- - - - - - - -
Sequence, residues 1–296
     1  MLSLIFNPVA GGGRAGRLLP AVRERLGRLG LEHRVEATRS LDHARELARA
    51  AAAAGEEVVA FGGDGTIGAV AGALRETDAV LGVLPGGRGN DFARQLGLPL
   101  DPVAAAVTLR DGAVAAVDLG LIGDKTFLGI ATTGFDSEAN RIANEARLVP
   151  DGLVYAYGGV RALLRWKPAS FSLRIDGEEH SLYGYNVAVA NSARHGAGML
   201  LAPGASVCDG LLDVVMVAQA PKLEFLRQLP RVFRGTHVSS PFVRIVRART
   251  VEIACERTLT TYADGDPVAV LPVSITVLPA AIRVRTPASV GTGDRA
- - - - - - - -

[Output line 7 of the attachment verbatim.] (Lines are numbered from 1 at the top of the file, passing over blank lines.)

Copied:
   251  VEIACERTLT TYADGDPVAV LPVSITVLPA AIRVRTPASV GTGDRA